Unlike most bowhunting operations, each Agagia hunter has a full-time, English speaking PH who accompanies you at all times. Sharing information is part of a Professional Hunter's job, and I found the Agagia PHs to be well informed on all animals and most plants. When animals were not nearby, we talked at length about what might come in, how to tell their trophy status, what shots are best to take and even small talk such as, "Where are you from?"

Hunts originate from the main lodge or from a special bowhunting-only "Bush Camp" that features luxury safari tents (each with showers and bathrooms), a cooking tent and a large campfire area where tall tales are told nightly. This property has six blinds similar to others except the water is perpendicular to the blind so animals drink broadside.

Even with this advantage, being close to big-game animals is so exciting that many hunters quickly lose their shooting form. Fortunately, the lodge has a practice facility where archers shoot through a portal exactly as they will from a blind. This realistic practice is invaluable, especially for first-time safari hunters.

Seeking the Beesty Boys

Wildebeest don't get much respect from some trophy hunters, yet they are high on my priority list on every hunt. I once bowhunted the Okavango Delta in Botswana, a really wild place where animals staged under a huge tree near a waterhole. With no treestand available, I climbed from the top of a land cruiser onto a huge limb and tied myself in with a foul smelling rope. While there, a bachelor herd of wildebeest walked directly under me, their gorgeous black and blue coats rippling with color. They didn't offer a shot, yet I'll never forget their beauty Later, I learned that my rope was used to hang leopard bait. What did that make me?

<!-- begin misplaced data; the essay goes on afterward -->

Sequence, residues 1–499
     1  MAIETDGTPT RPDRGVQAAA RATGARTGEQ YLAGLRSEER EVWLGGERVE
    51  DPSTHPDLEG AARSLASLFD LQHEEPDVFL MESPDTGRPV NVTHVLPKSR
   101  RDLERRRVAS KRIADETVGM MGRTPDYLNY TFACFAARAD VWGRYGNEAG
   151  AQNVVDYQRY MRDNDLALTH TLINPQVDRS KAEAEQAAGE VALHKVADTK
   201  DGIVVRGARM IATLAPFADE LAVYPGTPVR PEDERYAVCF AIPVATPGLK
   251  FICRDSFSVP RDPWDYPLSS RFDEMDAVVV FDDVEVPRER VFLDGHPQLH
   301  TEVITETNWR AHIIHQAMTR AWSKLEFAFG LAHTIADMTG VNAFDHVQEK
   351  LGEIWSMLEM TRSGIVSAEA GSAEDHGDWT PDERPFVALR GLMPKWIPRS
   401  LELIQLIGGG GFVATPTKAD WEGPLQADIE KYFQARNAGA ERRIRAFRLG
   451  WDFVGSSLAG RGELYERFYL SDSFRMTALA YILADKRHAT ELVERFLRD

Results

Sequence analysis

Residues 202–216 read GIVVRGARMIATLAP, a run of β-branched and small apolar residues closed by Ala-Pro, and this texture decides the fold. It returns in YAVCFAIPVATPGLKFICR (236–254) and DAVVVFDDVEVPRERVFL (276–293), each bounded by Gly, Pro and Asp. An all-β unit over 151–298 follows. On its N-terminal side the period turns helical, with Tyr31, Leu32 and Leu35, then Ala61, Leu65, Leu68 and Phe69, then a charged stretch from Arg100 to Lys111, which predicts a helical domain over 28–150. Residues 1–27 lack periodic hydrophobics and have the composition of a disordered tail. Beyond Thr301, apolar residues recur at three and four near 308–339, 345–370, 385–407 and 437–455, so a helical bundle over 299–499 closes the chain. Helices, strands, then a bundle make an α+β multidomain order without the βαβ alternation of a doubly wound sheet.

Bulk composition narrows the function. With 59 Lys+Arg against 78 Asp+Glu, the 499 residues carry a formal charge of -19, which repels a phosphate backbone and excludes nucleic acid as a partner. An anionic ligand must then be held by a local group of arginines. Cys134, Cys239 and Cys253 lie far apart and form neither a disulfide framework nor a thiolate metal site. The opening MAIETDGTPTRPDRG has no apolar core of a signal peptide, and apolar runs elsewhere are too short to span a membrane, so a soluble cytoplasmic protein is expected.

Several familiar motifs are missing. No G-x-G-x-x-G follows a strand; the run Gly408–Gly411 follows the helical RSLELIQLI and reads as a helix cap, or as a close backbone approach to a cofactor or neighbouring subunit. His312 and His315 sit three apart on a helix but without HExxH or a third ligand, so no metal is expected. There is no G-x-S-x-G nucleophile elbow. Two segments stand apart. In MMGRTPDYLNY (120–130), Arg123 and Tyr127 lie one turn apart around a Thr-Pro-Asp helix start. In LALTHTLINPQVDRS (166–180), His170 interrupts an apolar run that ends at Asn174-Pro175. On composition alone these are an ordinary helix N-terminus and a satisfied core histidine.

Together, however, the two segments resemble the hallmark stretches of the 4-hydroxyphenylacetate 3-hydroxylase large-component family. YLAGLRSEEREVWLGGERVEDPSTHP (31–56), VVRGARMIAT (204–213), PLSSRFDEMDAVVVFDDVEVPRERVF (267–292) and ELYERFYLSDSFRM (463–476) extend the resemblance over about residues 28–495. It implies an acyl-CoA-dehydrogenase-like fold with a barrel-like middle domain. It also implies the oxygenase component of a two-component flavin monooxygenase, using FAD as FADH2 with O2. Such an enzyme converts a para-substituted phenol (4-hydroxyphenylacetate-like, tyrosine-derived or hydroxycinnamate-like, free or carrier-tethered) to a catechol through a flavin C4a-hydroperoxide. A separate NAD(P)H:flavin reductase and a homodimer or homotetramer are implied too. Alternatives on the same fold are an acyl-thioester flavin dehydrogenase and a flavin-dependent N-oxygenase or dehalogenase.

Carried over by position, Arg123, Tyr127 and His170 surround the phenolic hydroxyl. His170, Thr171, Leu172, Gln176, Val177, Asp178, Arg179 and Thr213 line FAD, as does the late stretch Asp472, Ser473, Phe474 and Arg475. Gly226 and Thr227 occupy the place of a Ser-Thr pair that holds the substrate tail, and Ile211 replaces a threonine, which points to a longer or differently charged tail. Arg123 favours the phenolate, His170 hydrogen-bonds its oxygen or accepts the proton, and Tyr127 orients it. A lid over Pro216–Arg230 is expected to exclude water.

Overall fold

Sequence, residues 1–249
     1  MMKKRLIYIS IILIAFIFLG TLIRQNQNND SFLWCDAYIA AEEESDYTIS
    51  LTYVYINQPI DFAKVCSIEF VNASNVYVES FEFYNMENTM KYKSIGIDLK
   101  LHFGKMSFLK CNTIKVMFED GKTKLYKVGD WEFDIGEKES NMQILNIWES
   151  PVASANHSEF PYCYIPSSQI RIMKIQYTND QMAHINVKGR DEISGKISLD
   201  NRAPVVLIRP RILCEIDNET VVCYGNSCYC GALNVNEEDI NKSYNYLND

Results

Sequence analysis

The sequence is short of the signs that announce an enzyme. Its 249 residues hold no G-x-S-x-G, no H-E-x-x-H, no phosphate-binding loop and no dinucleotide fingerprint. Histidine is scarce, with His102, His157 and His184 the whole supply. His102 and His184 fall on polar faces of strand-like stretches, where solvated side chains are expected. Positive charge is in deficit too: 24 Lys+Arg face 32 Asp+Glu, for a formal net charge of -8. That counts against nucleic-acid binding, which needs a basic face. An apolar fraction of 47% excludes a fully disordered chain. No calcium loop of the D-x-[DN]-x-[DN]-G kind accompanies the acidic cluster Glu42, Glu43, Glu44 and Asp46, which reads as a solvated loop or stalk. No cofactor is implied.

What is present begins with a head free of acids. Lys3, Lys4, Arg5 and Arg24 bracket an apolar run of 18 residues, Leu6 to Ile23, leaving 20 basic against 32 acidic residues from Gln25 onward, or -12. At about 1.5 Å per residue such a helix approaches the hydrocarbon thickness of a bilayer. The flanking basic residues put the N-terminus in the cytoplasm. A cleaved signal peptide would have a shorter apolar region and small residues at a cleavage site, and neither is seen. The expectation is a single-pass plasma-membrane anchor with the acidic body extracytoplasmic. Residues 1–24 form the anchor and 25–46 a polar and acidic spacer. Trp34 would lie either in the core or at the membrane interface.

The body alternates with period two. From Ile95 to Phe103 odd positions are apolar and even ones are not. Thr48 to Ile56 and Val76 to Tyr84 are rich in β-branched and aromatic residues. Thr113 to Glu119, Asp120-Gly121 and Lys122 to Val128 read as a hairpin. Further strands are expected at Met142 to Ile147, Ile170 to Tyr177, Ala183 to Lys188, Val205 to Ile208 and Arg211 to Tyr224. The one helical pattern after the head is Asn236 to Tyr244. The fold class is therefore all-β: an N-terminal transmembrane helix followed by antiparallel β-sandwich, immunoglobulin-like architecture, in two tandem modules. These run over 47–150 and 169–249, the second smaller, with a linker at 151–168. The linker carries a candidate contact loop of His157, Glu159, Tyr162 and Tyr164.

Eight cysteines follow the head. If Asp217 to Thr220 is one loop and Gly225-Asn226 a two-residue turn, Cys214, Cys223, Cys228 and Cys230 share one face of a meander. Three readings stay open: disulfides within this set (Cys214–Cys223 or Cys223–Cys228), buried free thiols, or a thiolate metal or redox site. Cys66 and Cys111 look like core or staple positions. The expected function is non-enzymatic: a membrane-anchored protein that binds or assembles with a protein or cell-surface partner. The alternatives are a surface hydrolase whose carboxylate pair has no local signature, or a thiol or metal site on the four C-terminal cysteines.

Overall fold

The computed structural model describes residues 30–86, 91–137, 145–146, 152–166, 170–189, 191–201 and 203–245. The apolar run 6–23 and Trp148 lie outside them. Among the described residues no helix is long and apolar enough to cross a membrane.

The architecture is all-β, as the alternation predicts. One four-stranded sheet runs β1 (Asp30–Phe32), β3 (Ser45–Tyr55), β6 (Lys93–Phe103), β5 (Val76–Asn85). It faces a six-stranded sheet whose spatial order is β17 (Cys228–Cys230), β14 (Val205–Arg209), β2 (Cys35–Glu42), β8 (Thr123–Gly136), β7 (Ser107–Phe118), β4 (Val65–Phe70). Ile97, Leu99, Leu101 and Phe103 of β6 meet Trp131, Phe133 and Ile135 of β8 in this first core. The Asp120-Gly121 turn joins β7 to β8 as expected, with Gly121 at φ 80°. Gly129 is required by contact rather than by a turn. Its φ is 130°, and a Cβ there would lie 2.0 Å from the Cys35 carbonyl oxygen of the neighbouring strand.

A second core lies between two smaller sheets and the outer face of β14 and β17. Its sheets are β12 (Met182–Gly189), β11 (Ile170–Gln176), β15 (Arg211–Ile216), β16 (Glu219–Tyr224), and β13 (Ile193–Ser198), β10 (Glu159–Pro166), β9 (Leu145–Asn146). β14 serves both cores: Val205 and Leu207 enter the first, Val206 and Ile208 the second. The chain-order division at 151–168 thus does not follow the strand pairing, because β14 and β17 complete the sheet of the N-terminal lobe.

Namibia has three subspecies of "beests" -- the blue, the black and the red hartebeest, each very interesting and distinctly different. The first morning of my safari, I had two of the three slam members pause and drink, yet all were young bulls. Just as with stalking, patience at an ambush is a necessity and hours later a large male chose to drink eight steps from the blind. My heart nearly stopped beating as the beest drank and drank. Finally, it raised its head, turned, and paused just long enough to release. I found my trophy 75 yards away.

Stiner filled all three members of the 'Beest Slam' on his first safari and was thrilled by each one. He kept a detailed journal of each day with the animals he saw and the results:

"The third day of the safari, I was at the Bush Camp Morott hide, when a large herd of blues stood away from the water for a long time," the journal began. "After about an hour and a half, the animals approached and a big bull drank among the chaos ... I got a broadside shot. The next day I hunted from the treestand blind by the site of an old treestand. This area was very thick and a herd of black wildebeest fought over the water and the big bull stopped quartering away ... it went 90 yards. Four days later, I was in the chalk pin (white rocks) blind when the hat trick animal arrived. When the big red hartebeest came to drink, my PH said to aim up the leg just above the stripe and the shaft buried right there."

Gear to Make it Happen

Rifle hunters usually go magnum for large plains game, yet if you plan to hunt from ambush, stout whitetail gear is all you need. Stiner shot a PSE X-Force Dream Season EVO set at 70 pounds that pushed a 29-inch arrow around 330 fps. My setup was a bit tamer, pulling just 60 pounds and a 27-inch shaft, yet the Hoyt Carbon Element took seven animals in the elk-size class.

I was excited to test the new Easton Deep Six technology, a micro-diameter shaft with a special steel insert for better FOC balance. Tipped with NAP's Big Nasty heads, I shot through every animal I encountered, including a zebra through both shoulders. Stiner used Muzzy 3-blade heads ahead of heavy Byron Ferguson carbon shafts, while I used Easton Full Metal Jacket shafts tipped with NAP KillZone 2-blade and Rage 3-blade heads. Each resulted in quick recoveries, yet the cut-on-contact heads resulted in the greatest penetration.

Aside from bows and arrows, sights are an important consideration. A one-pin setup can be very effective and eliminates the possibility of pin confusion, often a problem at times of great excitement. Models made by Meprolite and Trijicon offer the added advantage of operating in dark environments. The Agagia blinds were so dark, the color on my fiber optic sights faded--something to test before leaving home.